The group is looking to reopen the fish camp overlooking Clapboard Creek next year if the city council approves the plan


A group of local businessmen hope to resurrect a waterfront restaurant on Heckscher Drive in the Northside that has been closed for more than a decade.

The Palms Fish Camp, which overlooks Clapboard Creek, has stood empty since its closure in 2005, dogged by a messy feud between a developer who planned to reopen the business and the city, which owns the land.

The city settled the lawsuit with the developer last summer and has been looking for new operators. Only group interested: three residents of Heckscher Drive who are ready to see a restaurant open its doors.

“We’ve always talked about who’s going to support it, what’s going to happen,” said Donald “Marshall” Adkison, one of the businessmen who submitted the proposal to operate the restaurant. “There must be something there. The view is amazing.

If the city council approves their proposal to lease the space next month, Adkison said they would get to work immediately. If all goes according to plan, he said the restaurant could be serving cracker-style seafood — think fresh fish baskets, fried Mayport shrimp and silent puppies — within seven months.

The city bought the land in 2002 to create a public boat launch, and it gave a contract to a new restaurant owner after it closed in 2005. The deal with developer Paul Rohan, the forced him to rebuild the restaurant at his own expense, and in exchange for obtaining a lease to operate it.

Rohan started work on the building but struggled to find enough money during the recession. After City gave him a series of time extensions to complete, they terminated their contract with him. Rohan said he invested $700,000 in the project and was 95% complete.

The cancellation sparked a lawsuit that lasted years, until the city settled with Rohan for $125,000.

Adkison and his partners, attorney Marc Hardesty and James McKenzie, owner of the Sanddollar restaurant further east on Heckscher Drive, plan to invest $500,000 to complete the building.

In their proposal to take over the restaurant, the group said they planned to accommodate 150 people. The agreement also asks them to build two public toilets that operate at all hours of the day.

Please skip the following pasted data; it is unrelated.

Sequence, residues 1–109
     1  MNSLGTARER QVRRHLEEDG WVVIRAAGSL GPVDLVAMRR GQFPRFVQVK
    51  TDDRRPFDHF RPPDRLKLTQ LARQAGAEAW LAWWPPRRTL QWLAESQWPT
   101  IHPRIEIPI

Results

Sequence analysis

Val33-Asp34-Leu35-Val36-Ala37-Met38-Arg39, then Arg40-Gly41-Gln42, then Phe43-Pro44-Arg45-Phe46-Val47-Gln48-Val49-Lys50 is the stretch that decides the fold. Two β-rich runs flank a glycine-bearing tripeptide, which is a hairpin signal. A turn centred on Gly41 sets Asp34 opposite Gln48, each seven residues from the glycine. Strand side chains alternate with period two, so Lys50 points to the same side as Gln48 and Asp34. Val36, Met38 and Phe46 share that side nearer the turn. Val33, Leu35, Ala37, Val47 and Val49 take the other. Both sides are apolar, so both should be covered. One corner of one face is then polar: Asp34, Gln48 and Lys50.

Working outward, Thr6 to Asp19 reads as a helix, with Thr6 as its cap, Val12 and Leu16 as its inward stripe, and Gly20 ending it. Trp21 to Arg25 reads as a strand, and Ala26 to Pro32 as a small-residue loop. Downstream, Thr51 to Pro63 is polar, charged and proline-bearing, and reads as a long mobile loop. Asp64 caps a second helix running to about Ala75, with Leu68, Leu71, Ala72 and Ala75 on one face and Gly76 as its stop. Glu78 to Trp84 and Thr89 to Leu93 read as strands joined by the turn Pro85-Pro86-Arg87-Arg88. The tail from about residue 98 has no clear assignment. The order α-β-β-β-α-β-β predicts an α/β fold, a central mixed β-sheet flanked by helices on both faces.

The group would pay the city $1,500 per month to lease the space for the first five years. The amount of the lease would increase by 10% every five years.

Operating a restaurant next to a popular boat launch will be a challenge, Adkison said.

Currently, the parking lot consists of several open spaces with little organization for parking. Adkison said that will change and boaters will have 26 dedicated spaces to park. He said he had observed the ramp parking lot for the past two months and had seen no more than 26 vehicles at a time.

“We will not be able to please 100 boats at the same time. It wasn’t originally designed to do that,” Adkison said. “We want to hear feedback. We believe this will work very well for the volume of ship traffic we have seen.

Adkison said they will ask the state for permission to install new floating docks to allow more customers to access the restaurant by boat. They plan to host live music and several fishing tournaments throughout the year.

The group can’t start work on the restaurant until the council approves their deal, but that hasn’t stopped them from making improvements to the adjacent boat launch.

The boat launch was damaged during Hurricane Matthew after fast-moving high tides ripped out the metal walkway that connects the launch dock to land.

Last weekend, Hardesty and Adkison located the structure with a boat equipped with a sonar sounder. Adkison strapped on her scuba gear, dove into the fast-moving water, and wrapped a chain around the gangway, allowing heavy machinery to pull her out of the water.

Councilman Al Ferraro, who represents the area and is a longtime friend of Adkinson, said the effort saved the city about $20,000. He said he thinks it’s a good sign to come to this area.

“They haven’t taken possession and they’ve already saved taxpayers’ money,” Ferraro said. “That’s the kind of thing we want to see not just in our neighborhood, but across the city.”

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